(I changed the names here because my friend hates all sorts of social media with a passion.)
At a dinner party Saturday night, the hostess was asked where her younger daughter will be going to high school next year. With all the growth in that county, it turns out she’ll attend a different school than her older sister did.
Guests sympathized. “Oh, you won’t know the teachers. You won’t know which ones are the best.”
The hostess replied, “Jessie is not Jennifer. She might need something totally different.”
I make it a mission to remember wisdom when I hear it, and not even the best chocolate cake in the world (I had two slices) could derail me.
I realized that, no matter how much we say that we don’t categorize people or that we treat everyone as an individual, that’s not always true. In fact, with the information coming at us all the time, it’s not always possible. We group ideas to make processing all the data a little easier:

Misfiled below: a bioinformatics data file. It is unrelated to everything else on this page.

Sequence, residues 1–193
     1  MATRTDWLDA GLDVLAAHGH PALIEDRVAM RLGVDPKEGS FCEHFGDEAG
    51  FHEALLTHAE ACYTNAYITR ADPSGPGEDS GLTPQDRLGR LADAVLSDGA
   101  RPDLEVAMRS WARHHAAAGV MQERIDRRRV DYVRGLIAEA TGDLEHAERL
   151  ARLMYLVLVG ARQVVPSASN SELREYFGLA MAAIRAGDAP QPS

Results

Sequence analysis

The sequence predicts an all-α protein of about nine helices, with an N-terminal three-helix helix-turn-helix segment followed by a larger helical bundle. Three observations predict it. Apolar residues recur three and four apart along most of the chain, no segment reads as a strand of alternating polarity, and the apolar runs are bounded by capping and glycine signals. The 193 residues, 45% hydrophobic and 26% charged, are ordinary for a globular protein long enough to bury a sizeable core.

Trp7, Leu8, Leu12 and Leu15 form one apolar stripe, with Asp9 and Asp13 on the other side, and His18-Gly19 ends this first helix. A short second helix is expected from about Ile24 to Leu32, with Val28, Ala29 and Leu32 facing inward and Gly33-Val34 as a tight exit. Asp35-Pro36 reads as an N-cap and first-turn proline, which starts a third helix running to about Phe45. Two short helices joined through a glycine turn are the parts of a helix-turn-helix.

“If Mr. Kennedy is a good math teacher for Jennifer, he will be a good math teacher for Jessie.”
If Phyllis could do all of this without getting stressed, Carter should be able to as well.”
“If my first wife enjoyed camping, then all my wives should enjoy camping.”
“If I can come to work when I have a migraine, you should be able to!”
You get the picture. Sometimes it’s automatic and we make the judgment without thinking. Sure, as humans, we have a great deal in common. But let’s slow down and remember that Jessie is not Jennifer. Or you. Or me.